The Absolute Best Onion Variety For French Onion Soup

Name the top five indulgent, comforting, old-school meals — and rustic, soothing, savory French onion soup should have a spot on that list. Be it the wholesome broth, the sweet caramelized onions, or the crispy yet ooey-gooey slice of bread with melted stringy cheese topping off the whole creation, the perfection is unparalleled. While there's plenty of room for modifications with the way you make your soup (such as the bread and cheese you choose), it's a simple fact that certain types of onions reign supreme. Of your options — ranging from red to white to sweet to yellow, to even shallots — the jury is in, and it's the accessible, hardworking, regular yellow onion that should be your first pick. Though other varieties will work, most agree that this imparts French onion soup with the ideal sweet and savory flavor that's not too overpowering or too weak.


French onion soup might be a treat that you often order in, but it's actually surprisingly easy to cook at home for a comforting warming weeknight meal or a dish to impress guests coming over for dinner. You'll find many recipes for French onion soup with varying cook times, types of bread and cheese, or even vegan variations. Whichever recipe you're following, be sure to stock up on yellow onions for the best possible final result.

Not all onions are created equal

You're not alone if the array of onion types at the grocery store — white, yellow, red, or sweet — has you a little fuzzy on the differences and best uses for each. In general, remember this: White onions tend to be milder and less harsh in taste than their yellow counterparts. Then you have the yellow-skinned onions (sometimes called brown), which are by far the most common types of onions. The basic yellow variety is stronger and has more of a kick, but when it cooks down, it mellows out into ideal sweetness, which makes it the perfect candidate for French onion soup. Yellow onions are also heartier with a higher starch content, allowing them to withstand the hours of cooking required.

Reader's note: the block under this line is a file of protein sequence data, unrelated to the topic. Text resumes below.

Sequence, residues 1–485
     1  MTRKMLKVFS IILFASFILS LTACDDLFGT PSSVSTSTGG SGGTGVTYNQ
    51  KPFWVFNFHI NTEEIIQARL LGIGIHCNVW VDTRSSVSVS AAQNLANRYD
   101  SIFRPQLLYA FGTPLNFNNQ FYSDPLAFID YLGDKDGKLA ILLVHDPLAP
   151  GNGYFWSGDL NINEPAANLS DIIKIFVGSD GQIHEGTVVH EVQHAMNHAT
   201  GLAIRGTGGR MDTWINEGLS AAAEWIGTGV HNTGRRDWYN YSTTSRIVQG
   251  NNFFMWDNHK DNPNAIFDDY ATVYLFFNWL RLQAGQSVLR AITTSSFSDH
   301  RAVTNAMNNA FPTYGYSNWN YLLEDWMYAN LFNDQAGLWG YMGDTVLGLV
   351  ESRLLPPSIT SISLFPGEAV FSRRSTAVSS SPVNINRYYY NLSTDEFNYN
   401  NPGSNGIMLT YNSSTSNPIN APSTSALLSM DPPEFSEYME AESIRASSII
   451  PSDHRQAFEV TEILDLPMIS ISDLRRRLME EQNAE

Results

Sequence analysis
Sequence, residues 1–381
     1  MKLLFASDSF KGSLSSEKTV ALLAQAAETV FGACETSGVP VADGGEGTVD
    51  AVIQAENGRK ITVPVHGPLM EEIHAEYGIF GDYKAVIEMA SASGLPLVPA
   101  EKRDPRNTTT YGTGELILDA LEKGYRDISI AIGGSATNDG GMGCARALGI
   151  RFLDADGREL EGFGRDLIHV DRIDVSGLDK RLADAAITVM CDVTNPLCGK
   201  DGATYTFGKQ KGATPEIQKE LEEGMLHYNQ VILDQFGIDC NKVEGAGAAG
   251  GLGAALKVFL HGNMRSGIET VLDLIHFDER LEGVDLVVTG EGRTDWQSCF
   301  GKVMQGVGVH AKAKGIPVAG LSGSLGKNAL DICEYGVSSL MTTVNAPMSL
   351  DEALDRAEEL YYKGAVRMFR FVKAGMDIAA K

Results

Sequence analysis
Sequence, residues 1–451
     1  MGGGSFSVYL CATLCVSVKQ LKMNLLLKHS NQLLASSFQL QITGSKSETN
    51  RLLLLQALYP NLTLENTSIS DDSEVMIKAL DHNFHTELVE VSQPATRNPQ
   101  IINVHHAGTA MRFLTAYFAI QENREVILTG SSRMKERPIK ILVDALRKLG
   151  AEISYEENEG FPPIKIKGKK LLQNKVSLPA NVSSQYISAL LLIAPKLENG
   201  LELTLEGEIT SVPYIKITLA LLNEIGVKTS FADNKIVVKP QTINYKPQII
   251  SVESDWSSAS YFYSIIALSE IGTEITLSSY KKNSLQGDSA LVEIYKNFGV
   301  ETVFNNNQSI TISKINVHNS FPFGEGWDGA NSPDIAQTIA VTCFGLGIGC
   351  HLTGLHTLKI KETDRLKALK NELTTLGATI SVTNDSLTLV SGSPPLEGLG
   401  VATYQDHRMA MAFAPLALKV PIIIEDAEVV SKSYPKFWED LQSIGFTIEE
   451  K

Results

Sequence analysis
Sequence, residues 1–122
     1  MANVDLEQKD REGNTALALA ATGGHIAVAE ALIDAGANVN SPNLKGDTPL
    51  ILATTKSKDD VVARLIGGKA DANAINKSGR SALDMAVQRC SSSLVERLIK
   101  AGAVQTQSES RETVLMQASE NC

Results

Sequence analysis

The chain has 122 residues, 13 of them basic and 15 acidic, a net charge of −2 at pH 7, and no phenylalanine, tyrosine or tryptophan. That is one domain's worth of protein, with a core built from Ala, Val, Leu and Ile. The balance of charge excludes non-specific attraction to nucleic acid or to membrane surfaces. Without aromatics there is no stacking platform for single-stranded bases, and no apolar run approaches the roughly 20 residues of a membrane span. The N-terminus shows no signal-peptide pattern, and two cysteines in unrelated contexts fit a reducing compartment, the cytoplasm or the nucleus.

The sweet variety — under the umbrella in which Vidalia and other varieties fall — is milder and lacks the sharpness of their white or yellow counterparts, as the name suggests. These, or a white onion, are your best bets for using in salads and sandwiches. And then there's red, which typically provides the most sharpness and the strongest flavor. While most agree that yellow onions have the perfect not-too-strong, not-too-sweet flavor and hearty texture for cooking down in a soup, you can always try experimenting with different types. Or, try a mix of onions for a rainbow of colors and varying flavors.

Caramelizing yellow onions is the key for a great soup

With a dish as onion-forward as French onion soup, not only does the quality matter, but the quantity. And don those eye goggles or be prepared to get weepy, because you're going to be chopping a lot of onions. You'll finely slice at least three to four onions for a recipe, depending on how big of a batch you're making. The first and most important step to making that rich trademark broth is perfectly caramelizing the onions. The ideal level of caramelization can be (and is) endlessly debated. Achieving a perfectly golden dark — but not too dark — color is the absolute key to infusing your broth with the strong and sweet (but never bitter) taste that makes French onion soup what it is. 


Cook too long and the soup can have a distinctly burnt, charred flavor that no amount of spices or ingredient adjustments can mask. Undercook the onions and you likely won't achieve the true caramelization that French onion soup calls for. This takes time and attention, meaning you won't want to walk away from the stove for too long. But when ordinary onions are given time to slowly sweeten and darken, the time spent in the kitchen is well worth the payoff of this perfectly cozy, warming, and savory soup.

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